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Publication numberUS4261845 A
Publication typeGrant
Application numberUS 06/113,145
Publication dateApr 14, 1981
Filing dateJan 18, 1980
Priority dateJan 18, 1980
Publication number06113145, 113145, US 4261845 A, US 4261845A, US-A-4261845, US4261845 A, US4261845A
InventorsMichael Cuscurida
Original AssigneeTexaco Development Corporation
Export CitationBiBTeX, EndNote, RefMan
External Links: USPTO, USPTO Assignment, Espacenet
Novel polyureas and their use as grease thickening agents
US 4261845 A
Abstract
Novel polyureas of the formula: ##STR1## wherein n is 9 to 18, m is 2 to 10, X and Y are each either ethyl, methyl or a hydrogen atom and R=aromatic, aliphatic or cycloaliphatic, are described herein. These polyureas are particularly useful as thickening agents for lubricating oils to make greases. The polyureas may be prepared by reacting the aminated products of propoxylated fatty alcohols with organic polyisocyanates. The reaction is a simple process requiring no heat. Very low levels of the resulting polyureas are required to thicken oils of lubricating viscosity into greases which have good high temperature stability.
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Claims(8)
I claim:
1. Polyureas of the formula: ##STR4## wherein n is 9 to 18, m is 2 to 10, X and Y are each either ethyl, methyl or a hydrogen atom and R is aromatic, aliphatic or cycloaliphatic.
2. Polyureas of claim 1 in which n is 9 to 11, m is 2, X is hydrogen and Y is methyl.
3. A grease composition comprising an oil of lubricating viscosity, as a vehicle, and a thickening amount of a polyurea of claim 1 prepared by mixing an alkylpolyalkoxy monoamine with an organic polyisocyanate.
4. The grease composition of claim 3 wherein the alkylpolyalkoxy monoamine is of the formula: ##STR5## wherein n is 9 to 18, m is 2 to 10, and X or Y being methyl and the other being a hydrogen atom.
5. The grease composition of claim 3 wherein the organic polyisocyanate is of the formula:
R--N═C═O)2 
wherein R is aromatic, aliphatic or cycloaliphatic.
6. The grease composition of claim 3 wherein the mixing of the monoamine and the polyisocyanate is conducted at ambient temperatures.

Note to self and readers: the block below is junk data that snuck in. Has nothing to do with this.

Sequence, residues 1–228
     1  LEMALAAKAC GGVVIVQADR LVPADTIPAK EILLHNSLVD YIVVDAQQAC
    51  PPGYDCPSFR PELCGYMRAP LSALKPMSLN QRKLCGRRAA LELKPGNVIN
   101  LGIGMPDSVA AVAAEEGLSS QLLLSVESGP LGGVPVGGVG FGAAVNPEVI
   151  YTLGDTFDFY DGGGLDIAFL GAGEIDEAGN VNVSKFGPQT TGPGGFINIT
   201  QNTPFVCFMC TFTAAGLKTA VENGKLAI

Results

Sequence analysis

7. The grease composition of claim 4 wherein the monoamine n is 9 to 11, m is 2, X is a hydrogen atom and Y is methyl.
8. The grease composition of claim 5 wherein for the organic polyisocyanate R is aliphatic.
Description
BACKGROUND OF THE INVENTION

1. Field of the Invention

This invention relates to new and useful polyurea compounds including compositions and methods of using the compounds as grease thickening agents.

2. Description of the Prior Art

Prior art greases have generally comprised a petroleum hydrocarbon oil, refined mineral oil or synthetic ester in which thickening agents such as metal salts or soaps are used in such quantities as to give a final grease composition of the desired consistency. Most greases have been formulated with soaps, however, these soaps tend to catalyze the oxidation of the lubricant. Recently, U.S. Pat. No. 3,879,305 has described improved greases having a wide temperature utility and good oxidation stability which are much improved over the greases made using soaps. The greases of this patent were made using a lubricating oil and a thickening quantity of a polyurea made by reacting a monoamine, a diisocyanate and a diamine. The diamine used therein has one amino group attached to each of two hydrocarbyl groups separated by an oxygen or sulfur atom. The method of making the polyureas of U.S. Pat. No. 3,879,305 requires heating the reactants for approximately one hour prior to forming the grease.